Australia’s military police originated with the creation of the Australian Imperial Force (AIF) Police Corps formed in Palestine in 1916. In February 1917, its name change to the “ANZAC Provost Corps” and then on 1 January 1918 to the “Australian Provost Corps”. This was then disbanded in 1920.From then until 1938 there was no permanent Military Police for in the Australian army.
During this period individual garrison areas formed their own RP or Regimental Police to carry out any required Provost functions.
In 1938 the military police was reformed as the Australian Army Provost Corps and served as such through World War Two up until 1948 when its name was changed to the Royal Australian Army Provost Corps having, like the British CMP, gained the “Royal” prefix as a reward for its performance during the war.
In 1948 a new badge was created showing crossed swords within a laurel wreath topped by the King’s Crown. Prior to this date, Australian MPs did not have their own cap badge but were identified by the wear of a white belt with the only special insignia to identify their role being an MP armband.
Some sources refer to the use of a shoulder type title with the letters MP being used both as a shoulder title and as a cap badge on the slouch hat (analogous to the use of the MFP / MMP titles in the same manner in the British army) but period photos cast doubt on this and tend to show the MP armband as the only specific insignia. Cap and collar badges were those of the original parent unit from which the individual transferred.
This was worn along with a red cloth shoulder title with a black border and the legend “Australian Army Provost Corps” also embroidered in black.
Early Brass version of the Australian Badge with Kings Crown, shown with the smaller Collar Dog version.
Early Brass version of the Australian Badge with Queens Crown.
With the change of Monarch in 1953, the crown on the badge was changed from a Kings Crown to the Queens Crown and from 1960 this badge was made from anodised aluminium instead of the earlier brass.
Anodised aluminium version of the Queens Crown Badge.
A new “Provost” shoulder title in anodised aluminium was also introduced in 1960 but later replaced with the anodised aluminium letters “MP”.
The short-lived anodised "Provost" Shoulder Title.
Anodised "MP" Shoulder Title
The name was changed once again in 1974, becoming the Royal Australian Corps of Military Police.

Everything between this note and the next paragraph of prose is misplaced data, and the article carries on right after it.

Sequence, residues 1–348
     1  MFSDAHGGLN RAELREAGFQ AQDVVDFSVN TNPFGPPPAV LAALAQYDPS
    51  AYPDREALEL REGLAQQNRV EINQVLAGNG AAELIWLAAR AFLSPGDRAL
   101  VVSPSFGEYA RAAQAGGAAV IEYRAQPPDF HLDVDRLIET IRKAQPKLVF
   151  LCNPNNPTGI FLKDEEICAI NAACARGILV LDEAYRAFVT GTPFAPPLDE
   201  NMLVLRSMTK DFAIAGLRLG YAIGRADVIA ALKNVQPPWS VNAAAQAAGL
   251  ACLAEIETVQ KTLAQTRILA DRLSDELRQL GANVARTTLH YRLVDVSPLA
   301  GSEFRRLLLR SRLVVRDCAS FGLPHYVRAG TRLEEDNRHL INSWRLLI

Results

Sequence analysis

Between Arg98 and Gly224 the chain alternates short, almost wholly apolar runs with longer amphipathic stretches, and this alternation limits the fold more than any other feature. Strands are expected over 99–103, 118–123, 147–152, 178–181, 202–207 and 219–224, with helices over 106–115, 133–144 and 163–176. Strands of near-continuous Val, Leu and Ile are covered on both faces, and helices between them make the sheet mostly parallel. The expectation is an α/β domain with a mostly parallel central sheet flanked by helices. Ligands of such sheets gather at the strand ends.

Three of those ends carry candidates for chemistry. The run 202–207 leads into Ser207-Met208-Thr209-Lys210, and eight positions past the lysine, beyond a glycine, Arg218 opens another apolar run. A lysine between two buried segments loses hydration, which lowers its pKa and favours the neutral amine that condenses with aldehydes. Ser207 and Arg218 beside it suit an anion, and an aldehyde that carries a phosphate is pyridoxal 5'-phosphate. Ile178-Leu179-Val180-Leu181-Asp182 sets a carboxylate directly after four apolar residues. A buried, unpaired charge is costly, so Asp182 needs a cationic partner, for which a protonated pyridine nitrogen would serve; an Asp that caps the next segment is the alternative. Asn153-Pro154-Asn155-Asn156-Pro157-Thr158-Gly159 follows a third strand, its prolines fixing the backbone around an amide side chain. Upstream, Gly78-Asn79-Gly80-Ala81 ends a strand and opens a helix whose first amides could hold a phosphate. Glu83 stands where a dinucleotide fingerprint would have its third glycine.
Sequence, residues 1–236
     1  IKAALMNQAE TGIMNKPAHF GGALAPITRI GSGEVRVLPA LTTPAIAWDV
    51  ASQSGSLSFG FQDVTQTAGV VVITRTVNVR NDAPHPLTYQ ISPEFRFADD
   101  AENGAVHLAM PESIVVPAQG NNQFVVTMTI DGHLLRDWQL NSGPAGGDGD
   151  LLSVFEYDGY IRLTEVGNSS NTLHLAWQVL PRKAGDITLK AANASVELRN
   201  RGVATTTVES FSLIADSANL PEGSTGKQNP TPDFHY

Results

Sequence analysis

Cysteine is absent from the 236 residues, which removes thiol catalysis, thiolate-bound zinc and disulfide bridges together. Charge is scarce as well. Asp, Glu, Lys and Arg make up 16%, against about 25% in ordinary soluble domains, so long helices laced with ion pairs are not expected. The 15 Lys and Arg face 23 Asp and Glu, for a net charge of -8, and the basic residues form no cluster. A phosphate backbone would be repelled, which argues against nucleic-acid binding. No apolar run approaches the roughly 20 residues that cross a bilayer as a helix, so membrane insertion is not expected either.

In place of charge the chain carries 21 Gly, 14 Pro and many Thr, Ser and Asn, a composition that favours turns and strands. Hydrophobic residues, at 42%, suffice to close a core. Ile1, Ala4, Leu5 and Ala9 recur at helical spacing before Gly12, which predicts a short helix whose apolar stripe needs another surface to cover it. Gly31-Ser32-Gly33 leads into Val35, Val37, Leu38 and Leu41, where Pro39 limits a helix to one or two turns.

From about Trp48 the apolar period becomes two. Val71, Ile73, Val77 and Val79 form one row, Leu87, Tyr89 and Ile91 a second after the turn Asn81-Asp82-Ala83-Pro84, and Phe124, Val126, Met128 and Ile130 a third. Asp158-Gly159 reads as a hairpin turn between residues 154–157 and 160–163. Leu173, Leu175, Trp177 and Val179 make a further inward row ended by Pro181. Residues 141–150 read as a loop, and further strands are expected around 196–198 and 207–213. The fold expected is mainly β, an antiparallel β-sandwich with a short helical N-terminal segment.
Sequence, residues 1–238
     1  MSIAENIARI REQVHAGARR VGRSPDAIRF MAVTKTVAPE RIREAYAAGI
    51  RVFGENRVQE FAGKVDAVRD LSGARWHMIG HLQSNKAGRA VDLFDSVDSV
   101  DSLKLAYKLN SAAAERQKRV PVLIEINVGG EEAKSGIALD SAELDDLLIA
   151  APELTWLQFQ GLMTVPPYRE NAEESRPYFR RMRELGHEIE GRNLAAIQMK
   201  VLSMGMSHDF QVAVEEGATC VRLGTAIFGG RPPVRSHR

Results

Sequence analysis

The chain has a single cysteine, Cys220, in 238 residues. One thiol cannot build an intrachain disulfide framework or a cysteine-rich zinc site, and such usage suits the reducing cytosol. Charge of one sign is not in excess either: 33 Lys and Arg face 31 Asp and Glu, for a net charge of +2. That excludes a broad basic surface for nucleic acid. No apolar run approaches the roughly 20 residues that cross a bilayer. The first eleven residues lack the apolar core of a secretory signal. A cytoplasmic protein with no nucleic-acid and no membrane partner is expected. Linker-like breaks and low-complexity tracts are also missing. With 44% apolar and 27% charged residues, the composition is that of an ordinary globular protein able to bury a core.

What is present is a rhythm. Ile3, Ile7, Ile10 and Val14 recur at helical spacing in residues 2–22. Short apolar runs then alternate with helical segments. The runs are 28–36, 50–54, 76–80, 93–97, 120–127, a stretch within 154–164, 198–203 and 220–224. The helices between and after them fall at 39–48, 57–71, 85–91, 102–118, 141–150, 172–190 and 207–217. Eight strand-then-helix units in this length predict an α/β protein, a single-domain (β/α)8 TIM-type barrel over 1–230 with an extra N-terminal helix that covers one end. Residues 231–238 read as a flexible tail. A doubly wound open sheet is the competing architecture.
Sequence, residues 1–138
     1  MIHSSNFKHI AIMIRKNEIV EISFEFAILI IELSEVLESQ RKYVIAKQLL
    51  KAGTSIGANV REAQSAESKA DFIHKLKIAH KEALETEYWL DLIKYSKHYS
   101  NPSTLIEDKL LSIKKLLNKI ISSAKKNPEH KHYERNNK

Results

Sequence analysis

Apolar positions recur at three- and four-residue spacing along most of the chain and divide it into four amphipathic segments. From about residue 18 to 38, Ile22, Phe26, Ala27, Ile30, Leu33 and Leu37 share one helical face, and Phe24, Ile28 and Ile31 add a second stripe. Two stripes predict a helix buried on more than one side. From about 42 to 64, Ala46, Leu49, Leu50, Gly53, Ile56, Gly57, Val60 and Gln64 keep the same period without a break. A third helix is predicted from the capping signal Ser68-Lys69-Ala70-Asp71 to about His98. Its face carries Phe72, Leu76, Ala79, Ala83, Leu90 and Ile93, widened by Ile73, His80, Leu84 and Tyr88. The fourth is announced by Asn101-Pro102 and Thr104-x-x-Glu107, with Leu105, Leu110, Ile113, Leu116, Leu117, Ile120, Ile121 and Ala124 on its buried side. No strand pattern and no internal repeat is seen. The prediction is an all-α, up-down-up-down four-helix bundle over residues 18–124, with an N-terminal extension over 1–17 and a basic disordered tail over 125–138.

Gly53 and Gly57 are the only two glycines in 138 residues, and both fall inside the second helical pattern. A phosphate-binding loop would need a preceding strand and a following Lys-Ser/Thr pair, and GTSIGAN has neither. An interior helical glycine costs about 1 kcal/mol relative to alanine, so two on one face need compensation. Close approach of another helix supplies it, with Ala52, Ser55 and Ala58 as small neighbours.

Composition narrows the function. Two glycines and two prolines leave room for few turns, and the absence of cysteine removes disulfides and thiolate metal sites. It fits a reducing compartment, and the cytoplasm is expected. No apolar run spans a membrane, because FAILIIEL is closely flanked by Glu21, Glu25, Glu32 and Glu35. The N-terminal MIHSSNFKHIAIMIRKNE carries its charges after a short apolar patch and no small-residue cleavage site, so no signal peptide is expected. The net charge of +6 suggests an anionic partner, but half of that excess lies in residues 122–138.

Canada’s military police have a rather complicated history. The first MP units were formed at the start of World War One. Small in number, they were trained by the British Military Police but unfortunately all of their records were lost in a fire in 1917 so little hard information is known about them. The Canadian Military Police Corps was formed in September 1917. Most of the detachments formed were posted to Garrison towns in Canada but two detachments were assigned to the Canadian Expeditionary Force serving in France.
Initially, it is believed that the shoulder title "CMP" (also "CMPC" ) was also worn as a cap and/or collar badge in conjunction with the basic Maple Leaf cap badge of the CEF before a proper cap badge was finally introduced.
The standard Maple Leaf badge of the CEF.
The subsequent unofficial badge produced for 1 Detachment (London-Ontario), Canadian Military Police.
CMP Shoulder title. The Canadian version has more slender letters than the British Corps of Military Police CMP title.
The standard British version of the Military Police cap badge with GVR cypher is believed to have been worn by members of the CEF, but a distinct Canadian version was also produced, with the scroll at the base of the badge reflecting its Canadian origins.The badge was similar to the British design, but had the wreath composed of Maple leaves, rather than Laurel with the cipher "GVR" in the centre.
Note the use of Maple leaves in the wreath of the Canadian Military Police cap badge.
In 1918, the Canadian Military Police Corps was formed and the cap badge worn was altered to remove the Royal cipher from the centre, this being replaced with the letters "CMP".
Cap Badge of the Canadian Military Police Corps.
The Corps was disbanded in 1920 with many of its members absorbed into the Royal North West Mounted Police, which eventually evolved into the Royal Canadian Mounted Police.
Insignia consisting of the letters "CMPC" was also introduced, but although appearing at first glance to be a shoulder title, this was actually a collar badge, the regular shoulder title "Canada" being worn by the Military Police. The existence of Collar Dog sized versions of the Cap badge however suggests that these CMPC collar badges may have been replaced at some point, or the Collar Dog versions of the badge may have been unofficial.
Canadian Military Police Corps Collar Badge